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Maya World: The Rough Guide (Rough Guide Travel Guides) Paperback – 29 Apr 1999

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Paperback, 29 Apr 1999
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Product details

  • Paperback: 560 pages
  • Publisher: Rough Guides Ltd (29 April 1999)
  • Language: English
  • ISBN-10: 1858284066
  • ISBN-13: 978-1858284064
  • Product Dimensions: 19.6 x 2.6 x 13.1 cm
  • Average Customer Review: 4.4 out of 5 stars  See all reviews (5 customer reviews)
  • Amazon Bestsellers Rank: 2,131,076 in Books (See Top 100 in Books)
  • See Complete Table of Contents

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Excerpt. © Reprinted by permission. All rights reserved.

Where to go

In Mexico's Yucatn peninsula, the entire Caribbean coastline of Quintana Roo state is blessed with stunning white-sand beaches. The arrival point for most visitors is the manufactured mega-resort of Cancn, the region's twentieth-century temple of the sun; further down the coast, Cozumel and Playa del Carmen have also been heavily developed. If you're in search of somewhere quieter, head for relaxed Tulum, with its cliff-perched Maya ruin - many travellers' favourite spot on this coast - or for complete undisturbed peace, there are any number of tiny beaches dotted between the resorts. Further south, Laguna Bacalar and the Sian Ka'an biosphere reserve offer spectacular scenery and wildlife-spotting possibilities.

Mrida, the capital of Yucatn state and the largest city in the region, is a likeable place with a maze-like market and a stately collection of well-preserved colonial buildings. It's an excellent base for visiting most of the well-known sites. Chichn Itz, probably the most visited of them all, is in easy reach, as is Uxmal with its vertiginous pyramid temple. A series of lesser sites lie nearby in the Puuc hills. Moving into the neighbouring state, the colonial capital city of Campeche makes an enjoyable excursion. From here you can visit the decorative Chenes ruins, of which Edzn is the most accessible. To the south, stretching down towards the Guatemalan border, the immense Calakmul biosphere reserve is surrounded by ruins in the distinctive R'o Bec style.

In Chiapas, modern Maya culture is more in evidence, especially around the delightful highland city of San Crist-bal del las Casas, a focal point for the local Tzeltal and Tzotzil Maya. Chiapas also has some first-class ruins. Palenque is perhaps the finest, but along the R'o Usumacinta lie a number of smaller sites, none with a more splendid location than Yaxchiln, situated in a great loop in the river. The exquisite pools and waterfalls of Agua Azul are another major attraction, while the unspoilt scenery around the fifty Lagos de Montebello offers endless hiking and camping opportunities. The state of Tabasco has rather less to offer the visitor aside from some fascinating archeological sites, including La Venta, Comalcalco and Malpasito.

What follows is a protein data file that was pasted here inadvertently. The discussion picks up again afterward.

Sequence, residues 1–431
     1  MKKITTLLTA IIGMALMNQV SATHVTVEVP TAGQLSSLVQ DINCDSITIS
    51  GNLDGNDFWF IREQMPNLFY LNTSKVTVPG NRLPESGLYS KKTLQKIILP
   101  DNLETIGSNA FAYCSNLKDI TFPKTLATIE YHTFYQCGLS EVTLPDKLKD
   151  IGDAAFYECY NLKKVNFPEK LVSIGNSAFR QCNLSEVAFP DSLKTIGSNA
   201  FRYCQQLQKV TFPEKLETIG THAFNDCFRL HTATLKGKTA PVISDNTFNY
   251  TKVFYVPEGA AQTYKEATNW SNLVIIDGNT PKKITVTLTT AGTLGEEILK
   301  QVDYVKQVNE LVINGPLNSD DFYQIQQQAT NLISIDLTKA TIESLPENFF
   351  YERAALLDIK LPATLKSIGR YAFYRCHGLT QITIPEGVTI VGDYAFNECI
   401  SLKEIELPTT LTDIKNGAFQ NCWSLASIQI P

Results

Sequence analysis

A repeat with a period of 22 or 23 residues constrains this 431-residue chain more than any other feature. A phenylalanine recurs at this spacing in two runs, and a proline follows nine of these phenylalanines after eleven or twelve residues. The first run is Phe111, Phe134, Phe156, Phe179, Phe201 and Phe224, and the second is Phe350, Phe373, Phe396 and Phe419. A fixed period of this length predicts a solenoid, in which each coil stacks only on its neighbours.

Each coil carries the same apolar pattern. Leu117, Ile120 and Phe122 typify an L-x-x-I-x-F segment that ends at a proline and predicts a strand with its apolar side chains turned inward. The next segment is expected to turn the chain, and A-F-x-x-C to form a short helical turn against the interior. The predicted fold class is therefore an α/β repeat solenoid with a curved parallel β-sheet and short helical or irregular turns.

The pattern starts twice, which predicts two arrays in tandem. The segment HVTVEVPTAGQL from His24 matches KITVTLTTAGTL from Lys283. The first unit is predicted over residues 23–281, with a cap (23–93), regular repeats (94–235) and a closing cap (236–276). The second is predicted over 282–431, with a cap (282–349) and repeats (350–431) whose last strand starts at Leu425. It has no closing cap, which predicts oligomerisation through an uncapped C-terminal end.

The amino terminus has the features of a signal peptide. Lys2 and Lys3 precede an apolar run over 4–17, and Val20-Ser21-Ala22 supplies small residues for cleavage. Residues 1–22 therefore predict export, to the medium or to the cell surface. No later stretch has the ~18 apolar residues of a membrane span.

It's in Guatemala, where over half the country's population is indigenous, that Maya traditions and customs are most obvious. The mesmerizing beauty of the Western Highlands is the first place to head for, where the strength of traditional culture is most apparent in the markets and fiestas. Lago de Atitln is postcard picturesque - a vast lake dwarfed by three giant volcanoes, its shores ringed by some of the most traditional villages in the country. The scenery around Quetzaltenango is also breathtaking, with more volcanoes and alpine peaks dotted with indigenous villages; it's an easy trip from here to the weekly market at San Francisco el Alto, the largest and finest in the Maya World. Chichicastenango has another fantastic market: this is the one everyone goes to for textiles, masks and souvenirs.

Guatemala City, with poverty and pollution to match most Latin American capitals, is probably not worth spending too long in, especially as the old colonial capital of Antigua is just an hour away. Antigua could hardly be more different - a supremely relaxing historic city, with an endless supply of cafs, restaurants and bars to revitalize the jaded traveller.

The sparsely populated north and east region of Guatemala is home to the country's finest Maya ruins, most buried in the dense rainforest of the Maya biosphere reserve, giving you a chance to see some of Petn's wildlife too. If you only see one ruin in Guatemala, make it Tikal, a vast complex of gigantic temples, acropolises, palaces and plazas. Further south, the mist-soaked hills, caves and rivers around sleepy Cobn and the jungle-coated gorge of the R'o Dulce are also worth exploring. The one notable ruin in these parts is Quirigu, whose spectacular stelae are the largest in the Maya World. Belize also harbours a rich number of Maya sites. Caracol, Xunantunich, Lamanai and Lubaantun are the main ones, though only Caracol compares in scale to the great ruins of Mexico or Guatemala. It's the natural environment that's Belize's main draw, from the abundant flora and fauna of the lagoons at Sarteneja and Crooked Tree in the north of the country to the Cockscomb Basin, a reserve designed to protect the jaguar, in the south. Offshore are scattered hundreds of tiny islands known as "cayes", the main targets being upmarket Ambergris Caye, and Caye Caulker, the choice spot for young independent travellers. Other, mostly uninhabited cayes offer dramatic scuba-diving and snorkelling, with the coral atolls of Lighthouse Reef and Glover's Reef perhaps offering the ultimate underwater scenery.